As indigenous peoples in Latin America have achieved greater prominence and power, international agencies have attempted to incorporate the agendas of indigenous movements into development policymaking and project implementation. Transnational networks and policies centered on ethnically aware development paradigms have emerged with the goal of supporting indigenous cultures while enabling indigenous peoples to access the ostensible benefits of economic globalization and institutionalized participation. Focused on Bolivia and Ecuador, Indigenous Development in the Andes is a nuanced examination of the complexities involved in designing and executing "culturally appropriate" development agendas. Robert Andolina, Nina Laurie, and Sarah A. Radcliffe illuminate a web of relations among indigenous villagers, social movement leaders, government officials, NGO workers, and staff of multilateral agencies such as the World Bank. The authors argue that this reconfiguration of development policy and practice permits Ecuadorian and Bolivian indigenous groups to renegotiate their relationship to development as subjects who contribute and participate.
Yet it also recasts indigenous peoples and their cultures as objects of intervention and largely fails to address fundamental concerns of indigenous movements, including racism, national inequalities, and international dependencies. Andean indigenous peoples are less marginalized, but they face ongoing dilemmas of identity and agency as their fields of action cross national boundaries and overlap with powerful institutions. Focusing on the encounters of indigenous peoples with international development as they negotiate issues related to land, water, professionalization, and gender, Indigenous Development in the Andes offers a comprehensive analysis of the diverse consequences of neoliberal development, and it underscores crucial questions about globalization, governance, cultural identity, and social movements.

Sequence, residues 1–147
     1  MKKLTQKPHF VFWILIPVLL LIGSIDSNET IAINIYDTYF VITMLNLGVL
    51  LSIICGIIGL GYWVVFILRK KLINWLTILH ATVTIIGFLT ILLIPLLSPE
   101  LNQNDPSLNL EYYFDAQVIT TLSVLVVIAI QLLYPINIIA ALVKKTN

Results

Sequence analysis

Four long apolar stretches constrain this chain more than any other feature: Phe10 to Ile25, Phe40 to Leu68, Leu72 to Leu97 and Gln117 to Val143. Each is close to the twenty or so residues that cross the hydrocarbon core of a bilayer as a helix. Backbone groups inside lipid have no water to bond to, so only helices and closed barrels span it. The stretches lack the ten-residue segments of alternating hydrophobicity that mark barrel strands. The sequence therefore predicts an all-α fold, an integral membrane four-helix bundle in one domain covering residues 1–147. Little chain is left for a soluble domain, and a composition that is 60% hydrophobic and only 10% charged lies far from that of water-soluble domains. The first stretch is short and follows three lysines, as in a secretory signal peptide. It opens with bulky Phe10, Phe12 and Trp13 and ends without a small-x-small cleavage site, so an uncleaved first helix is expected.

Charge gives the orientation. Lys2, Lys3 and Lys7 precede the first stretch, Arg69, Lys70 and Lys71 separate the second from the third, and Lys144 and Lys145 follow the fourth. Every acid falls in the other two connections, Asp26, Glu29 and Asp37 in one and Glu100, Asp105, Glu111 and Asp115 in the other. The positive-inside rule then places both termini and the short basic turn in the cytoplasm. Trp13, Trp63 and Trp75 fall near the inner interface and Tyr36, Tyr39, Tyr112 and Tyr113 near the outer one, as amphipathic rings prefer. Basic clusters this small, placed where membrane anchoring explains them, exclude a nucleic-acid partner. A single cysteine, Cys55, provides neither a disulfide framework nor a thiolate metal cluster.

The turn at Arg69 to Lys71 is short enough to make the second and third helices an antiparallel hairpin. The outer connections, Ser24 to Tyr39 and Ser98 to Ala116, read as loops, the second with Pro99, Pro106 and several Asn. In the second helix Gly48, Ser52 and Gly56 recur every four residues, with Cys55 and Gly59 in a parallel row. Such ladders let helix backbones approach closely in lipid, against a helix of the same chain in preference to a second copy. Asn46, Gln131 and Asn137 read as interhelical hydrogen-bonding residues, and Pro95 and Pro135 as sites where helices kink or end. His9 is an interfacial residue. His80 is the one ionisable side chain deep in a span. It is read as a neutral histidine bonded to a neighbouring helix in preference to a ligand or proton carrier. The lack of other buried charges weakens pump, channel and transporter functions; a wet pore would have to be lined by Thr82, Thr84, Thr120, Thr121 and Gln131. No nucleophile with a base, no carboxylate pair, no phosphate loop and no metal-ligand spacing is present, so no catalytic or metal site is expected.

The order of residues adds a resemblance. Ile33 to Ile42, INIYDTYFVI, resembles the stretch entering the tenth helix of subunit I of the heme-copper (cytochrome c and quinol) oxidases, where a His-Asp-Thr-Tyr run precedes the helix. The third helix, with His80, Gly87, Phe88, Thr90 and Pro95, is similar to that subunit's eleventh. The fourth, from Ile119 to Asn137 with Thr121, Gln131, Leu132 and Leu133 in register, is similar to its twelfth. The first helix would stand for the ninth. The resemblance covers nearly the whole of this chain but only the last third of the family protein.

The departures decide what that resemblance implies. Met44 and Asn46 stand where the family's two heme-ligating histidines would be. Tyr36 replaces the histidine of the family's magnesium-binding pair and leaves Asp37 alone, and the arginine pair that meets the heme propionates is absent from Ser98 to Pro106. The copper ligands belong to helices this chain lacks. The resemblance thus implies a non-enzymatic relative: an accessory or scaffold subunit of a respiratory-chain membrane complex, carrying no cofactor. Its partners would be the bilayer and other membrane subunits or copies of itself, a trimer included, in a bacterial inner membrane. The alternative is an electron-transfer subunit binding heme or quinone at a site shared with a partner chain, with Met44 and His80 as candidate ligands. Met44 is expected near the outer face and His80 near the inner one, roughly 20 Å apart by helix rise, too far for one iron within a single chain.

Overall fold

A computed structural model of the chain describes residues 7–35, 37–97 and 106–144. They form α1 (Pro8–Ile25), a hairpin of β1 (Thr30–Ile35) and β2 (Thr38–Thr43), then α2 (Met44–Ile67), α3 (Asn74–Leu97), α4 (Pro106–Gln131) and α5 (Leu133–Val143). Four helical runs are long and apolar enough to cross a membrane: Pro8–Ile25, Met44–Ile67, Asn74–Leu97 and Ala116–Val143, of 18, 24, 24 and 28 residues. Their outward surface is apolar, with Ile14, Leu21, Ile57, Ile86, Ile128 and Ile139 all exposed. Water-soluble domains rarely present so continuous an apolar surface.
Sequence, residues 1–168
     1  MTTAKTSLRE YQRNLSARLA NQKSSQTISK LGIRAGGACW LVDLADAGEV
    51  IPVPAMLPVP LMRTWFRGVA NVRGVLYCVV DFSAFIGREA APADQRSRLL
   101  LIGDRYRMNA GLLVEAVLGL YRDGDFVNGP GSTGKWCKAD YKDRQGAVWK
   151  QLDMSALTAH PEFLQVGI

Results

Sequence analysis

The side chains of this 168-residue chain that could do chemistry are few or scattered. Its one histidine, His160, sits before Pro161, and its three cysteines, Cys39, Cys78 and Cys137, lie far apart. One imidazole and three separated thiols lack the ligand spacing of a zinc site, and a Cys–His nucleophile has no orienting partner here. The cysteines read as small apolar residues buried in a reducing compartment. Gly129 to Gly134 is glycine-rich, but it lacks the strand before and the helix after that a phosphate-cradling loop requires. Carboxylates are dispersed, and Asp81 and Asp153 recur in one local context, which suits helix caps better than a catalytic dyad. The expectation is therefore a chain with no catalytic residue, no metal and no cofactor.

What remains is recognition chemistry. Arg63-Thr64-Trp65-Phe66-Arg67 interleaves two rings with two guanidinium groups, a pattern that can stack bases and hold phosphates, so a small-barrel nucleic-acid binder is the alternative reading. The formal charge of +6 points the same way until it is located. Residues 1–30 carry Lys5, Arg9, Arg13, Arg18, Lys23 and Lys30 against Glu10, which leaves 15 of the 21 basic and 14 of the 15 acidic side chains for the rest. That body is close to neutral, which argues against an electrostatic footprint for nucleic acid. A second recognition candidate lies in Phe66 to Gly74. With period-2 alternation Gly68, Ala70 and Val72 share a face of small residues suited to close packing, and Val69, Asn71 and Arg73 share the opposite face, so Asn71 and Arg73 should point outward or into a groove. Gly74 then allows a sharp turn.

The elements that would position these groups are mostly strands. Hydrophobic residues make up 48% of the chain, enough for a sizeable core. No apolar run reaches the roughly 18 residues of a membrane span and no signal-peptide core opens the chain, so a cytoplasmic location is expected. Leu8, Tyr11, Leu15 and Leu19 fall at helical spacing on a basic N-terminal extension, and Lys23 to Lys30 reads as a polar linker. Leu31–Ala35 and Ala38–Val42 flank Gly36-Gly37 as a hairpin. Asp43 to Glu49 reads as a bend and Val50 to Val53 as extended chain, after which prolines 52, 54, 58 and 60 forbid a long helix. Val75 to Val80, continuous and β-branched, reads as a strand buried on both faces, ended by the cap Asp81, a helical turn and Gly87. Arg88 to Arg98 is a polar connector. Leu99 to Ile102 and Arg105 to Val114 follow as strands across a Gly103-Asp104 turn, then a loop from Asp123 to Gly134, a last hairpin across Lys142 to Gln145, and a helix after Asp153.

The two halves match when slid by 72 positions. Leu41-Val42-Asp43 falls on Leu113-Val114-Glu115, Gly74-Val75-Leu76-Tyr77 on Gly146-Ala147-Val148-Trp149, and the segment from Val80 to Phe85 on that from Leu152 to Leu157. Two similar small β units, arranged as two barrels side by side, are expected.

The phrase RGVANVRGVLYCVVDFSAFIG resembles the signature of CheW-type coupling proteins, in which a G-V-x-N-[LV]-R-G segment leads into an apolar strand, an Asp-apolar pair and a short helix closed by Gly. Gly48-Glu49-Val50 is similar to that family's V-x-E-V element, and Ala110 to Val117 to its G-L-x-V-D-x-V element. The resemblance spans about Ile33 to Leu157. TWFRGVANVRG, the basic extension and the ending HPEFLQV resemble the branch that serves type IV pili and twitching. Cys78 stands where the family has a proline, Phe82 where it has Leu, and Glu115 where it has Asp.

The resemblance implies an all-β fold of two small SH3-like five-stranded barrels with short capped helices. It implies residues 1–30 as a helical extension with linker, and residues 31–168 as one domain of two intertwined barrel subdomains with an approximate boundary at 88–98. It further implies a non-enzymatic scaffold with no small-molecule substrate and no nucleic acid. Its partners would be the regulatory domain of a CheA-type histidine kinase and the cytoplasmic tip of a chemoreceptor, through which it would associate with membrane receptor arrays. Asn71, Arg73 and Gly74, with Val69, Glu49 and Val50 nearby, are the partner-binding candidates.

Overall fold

Robert Andolina is Assistant Professor of International Studies at Seattle University. Nina Laurie is Professor of Development and Environment in the School of Geography, Politics, and Sociology at Newcastle University. She is an author of Geographies of New Femininities. Sarah A. Radcliffe is Reader in Latin American Geography at the University of Cambridge. She is the editor of the journal Progress in Human Geography and an editor of several collections, including Culture and Development in a Globalizing World.
List of Maps and Tables vii Acknowledgments ix Introduction: Indigenous Development in the Andes 1 1. Development, Transnational Networks, and Indigenous Politics 23 2. Development-with-Identity: Social Capital and Andean Culture 53 3. Development in Place: Ethnic Culture in the Transnational Local 80 4. Neoliberalisms, Transnational Water Politics, and Indigenous People 125 5. Transnational Professionalization of Indigenous Actors and Knowledge 157 6. Gender, Transnationalism, and Cultures of Development 195 Conclusion: Transnationalism, Development, and Culture in Theory and Practice 223 Appendix 1: Methodology and Research Design 247 Appendix 2: Development-Agency Initiatives for Andean Indigenous Peoples, 1990-2002 249 Appendix 3: Professional Biographies of Teachers in Interculturalism 253 Acronyms and Abbreviations 257 Notes 263 Bibliography 297 Index 335
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